In the last few consecutive years, STI rates have been on a steady incline. According to the Center for Disease Control (CDC), there were 2.3 million new cases of chlamydia, gonorrhea and syphilis in 2017. While there is some confusion about the difference of an STD and an STI, it should be noted that they are interchangeable terms.
On our campus, the most prevalent positive STI is chlamydia. This isn’t surprising considering that it is also the most common condition reported to the CDC in 2017 with over 1.7 million cases reported. This information also coincides with the statistical records kept at the Women’s and Men’s Health Services clinic. Of the 4,962 individuals tested in the first six months of 2018 for chlamydia, only 487 received a negative result.
According to family nurse practitioners Dana Buchanan and Christina Foster at the Women’s and Men’s clinic off of Dillon Lane here in Corpus Christi, the biggest misconception among the youth that came into the shelter and tested positive is that, “It won’t happen to me.” They have seen countless situations of infidelity and cases of being “naive and trusting their partners.”
Shelley Martinez-Lopez, registered nurse for over 20 years and Associate director of the clinic on campus, suggests getting tested each and every time you change a partner and also stresses the importance that “protection with oral sex is just as important as it is with genital-to-genital sex.” Through the use of flavored condoms and or dental dams, it can be just as enjoyable and reduce your risks of contracting viruses.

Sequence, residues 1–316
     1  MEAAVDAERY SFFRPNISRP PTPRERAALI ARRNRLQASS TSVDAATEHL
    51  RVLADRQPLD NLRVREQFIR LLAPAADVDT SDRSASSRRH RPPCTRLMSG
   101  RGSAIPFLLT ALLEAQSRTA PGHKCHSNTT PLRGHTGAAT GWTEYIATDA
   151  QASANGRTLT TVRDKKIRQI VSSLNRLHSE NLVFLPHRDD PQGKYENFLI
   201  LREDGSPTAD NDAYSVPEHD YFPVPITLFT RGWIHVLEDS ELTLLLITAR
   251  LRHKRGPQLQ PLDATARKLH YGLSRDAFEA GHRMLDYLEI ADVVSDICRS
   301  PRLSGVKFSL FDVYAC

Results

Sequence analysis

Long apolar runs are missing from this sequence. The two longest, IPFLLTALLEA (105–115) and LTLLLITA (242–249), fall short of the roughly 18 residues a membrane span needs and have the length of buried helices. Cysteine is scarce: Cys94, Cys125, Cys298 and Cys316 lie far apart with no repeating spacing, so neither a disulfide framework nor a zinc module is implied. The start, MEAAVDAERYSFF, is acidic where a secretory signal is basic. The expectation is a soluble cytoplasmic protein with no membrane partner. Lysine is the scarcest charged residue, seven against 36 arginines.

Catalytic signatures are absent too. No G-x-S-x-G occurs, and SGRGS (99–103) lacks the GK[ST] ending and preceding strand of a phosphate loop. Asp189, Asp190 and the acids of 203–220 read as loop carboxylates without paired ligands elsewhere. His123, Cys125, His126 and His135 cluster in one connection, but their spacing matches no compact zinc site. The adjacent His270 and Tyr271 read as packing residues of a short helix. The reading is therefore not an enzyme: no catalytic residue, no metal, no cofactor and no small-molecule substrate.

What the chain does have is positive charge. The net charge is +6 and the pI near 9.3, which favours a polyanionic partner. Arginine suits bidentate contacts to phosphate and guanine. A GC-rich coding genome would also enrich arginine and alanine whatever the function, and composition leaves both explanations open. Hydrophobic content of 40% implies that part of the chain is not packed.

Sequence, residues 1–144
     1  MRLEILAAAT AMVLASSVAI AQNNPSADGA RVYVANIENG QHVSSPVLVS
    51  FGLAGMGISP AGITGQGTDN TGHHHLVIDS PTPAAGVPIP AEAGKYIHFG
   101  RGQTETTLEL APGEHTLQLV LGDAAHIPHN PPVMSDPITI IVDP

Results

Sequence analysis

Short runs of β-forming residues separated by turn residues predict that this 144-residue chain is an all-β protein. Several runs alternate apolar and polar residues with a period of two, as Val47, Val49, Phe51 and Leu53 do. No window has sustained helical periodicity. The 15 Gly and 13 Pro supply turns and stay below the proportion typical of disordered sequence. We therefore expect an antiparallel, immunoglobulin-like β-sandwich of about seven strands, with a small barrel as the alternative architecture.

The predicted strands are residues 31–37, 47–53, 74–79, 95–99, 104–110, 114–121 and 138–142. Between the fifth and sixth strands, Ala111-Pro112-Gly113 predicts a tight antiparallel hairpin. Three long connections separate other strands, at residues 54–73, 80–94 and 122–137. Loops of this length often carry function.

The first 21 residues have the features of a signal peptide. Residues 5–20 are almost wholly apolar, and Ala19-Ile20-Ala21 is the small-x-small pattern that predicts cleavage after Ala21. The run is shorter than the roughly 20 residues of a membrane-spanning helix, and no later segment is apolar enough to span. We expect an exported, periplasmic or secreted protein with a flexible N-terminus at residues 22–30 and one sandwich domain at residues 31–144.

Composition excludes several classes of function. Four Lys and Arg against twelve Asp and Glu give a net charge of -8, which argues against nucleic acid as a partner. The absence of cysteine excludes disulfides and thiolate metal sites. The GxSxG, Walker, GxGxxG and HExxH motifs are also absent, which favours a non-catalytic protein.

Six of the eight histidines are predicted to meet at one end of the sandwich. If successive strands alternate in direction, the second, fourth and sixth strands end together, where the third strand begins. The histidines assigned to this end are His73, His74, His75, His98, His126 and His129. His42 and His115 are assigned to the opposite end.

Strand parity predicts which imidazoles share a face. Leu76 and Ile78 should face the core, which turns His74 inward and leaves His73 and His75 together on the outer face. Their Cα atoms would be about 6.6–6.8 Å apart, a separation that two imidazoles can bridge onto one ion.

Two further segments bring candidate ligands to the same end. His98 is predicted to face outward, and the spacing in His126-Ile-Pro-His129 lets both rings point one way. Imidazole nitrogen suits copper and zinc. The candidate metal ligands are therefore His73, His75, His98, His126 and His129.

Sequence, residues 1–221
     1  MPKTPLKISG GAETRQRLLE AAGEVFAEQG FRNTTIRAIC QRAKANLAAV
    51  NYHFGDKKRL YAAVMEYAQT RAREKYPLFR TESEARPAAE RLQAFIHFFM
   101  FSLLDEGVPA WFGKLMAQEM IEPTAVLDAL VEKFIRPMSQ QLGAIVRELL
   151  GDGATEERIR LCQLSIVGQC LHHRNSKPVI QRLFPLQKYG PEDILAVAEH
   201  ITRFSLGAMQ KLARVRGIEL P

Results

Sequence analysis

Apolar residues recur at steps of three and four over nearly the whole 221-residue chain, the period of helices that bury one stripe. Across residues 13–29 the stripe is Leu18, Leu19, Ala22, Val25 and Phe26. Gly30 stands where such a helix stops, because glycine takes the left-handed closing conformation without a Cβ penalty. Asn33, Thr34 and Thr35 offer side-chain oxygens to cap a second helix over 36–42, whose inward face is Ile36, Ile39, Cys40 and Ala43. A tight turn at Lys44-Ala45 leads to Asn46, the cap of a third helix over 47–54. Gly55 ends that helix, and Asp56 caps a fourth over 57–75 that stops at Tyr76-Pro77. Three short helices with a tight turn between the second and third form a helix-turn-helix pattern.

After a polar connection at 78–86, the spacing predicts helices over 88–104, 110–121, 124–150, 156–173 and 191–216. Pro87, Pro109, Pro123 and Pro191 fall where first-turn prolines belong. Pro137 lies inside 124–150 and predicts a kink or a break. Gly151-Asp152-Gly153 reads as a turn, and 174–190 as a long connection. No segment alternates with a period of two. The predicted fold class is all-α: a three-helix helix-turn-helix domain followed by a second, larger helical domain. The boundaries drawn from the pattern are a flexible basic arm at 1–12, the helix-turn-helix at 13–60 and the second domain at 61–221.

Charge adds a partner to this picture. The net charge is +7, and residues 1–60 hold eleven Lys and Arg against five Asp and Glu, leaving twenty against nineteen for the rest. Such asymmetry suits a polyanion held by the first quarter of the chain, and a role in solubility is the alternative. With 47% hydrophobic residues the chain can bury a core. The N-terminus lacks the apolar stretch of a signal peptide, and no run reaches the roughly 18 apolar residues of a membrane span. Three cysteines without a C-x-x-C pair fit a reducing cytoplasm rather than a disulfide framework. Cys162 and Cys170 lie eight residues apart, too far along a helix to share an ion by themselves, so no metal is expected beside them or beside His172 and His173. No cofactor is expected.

Should someone feel embarrassed about stopping into the clinic to retrieve free protection such as condoms and dental dams, there are more discrete options. People can call in to ask for condoms and they will be put into a bag for them so all they have to do is go in and pick up their order.
Martinez-Lopez, feels that there is a stigma around getting tested. She feels as though many people may shy away from getting tested, “Due to the fear of gaining a reputation as promiscuous.” Prices could also be a factor in people not getting tested.
There are free testing opportunities at both clinics but not many students seem to take advantage of these. When free testing was offered on campus on Sept. 12, only 44 students got tested. That’s not even 1% of the student population on the island. “Due to the rising rates of individuals testing positive for various diseases, the clinic on campus started providing more free testing throughout the year instead of only once a semester.”
Something to be cautious of is that women are typically more likely to be asymptomatic for some diseases when compared to their male counterparts. With some diseases like chlamydia taking a year for symptoms to show, this can lead to serious consequences for females who go untreated such as infertility, chronic pelvic pain, an ectopic pregnancy and increased risk of HIV along with many more issues. Both clinics offer testing for chlamydia, HIV, gonorrhea, syphilis and more.
For more information on when the clinic on campus offers free testing, you can call in, look at the dates that are posted on the Islander mobile app, and check out iNews.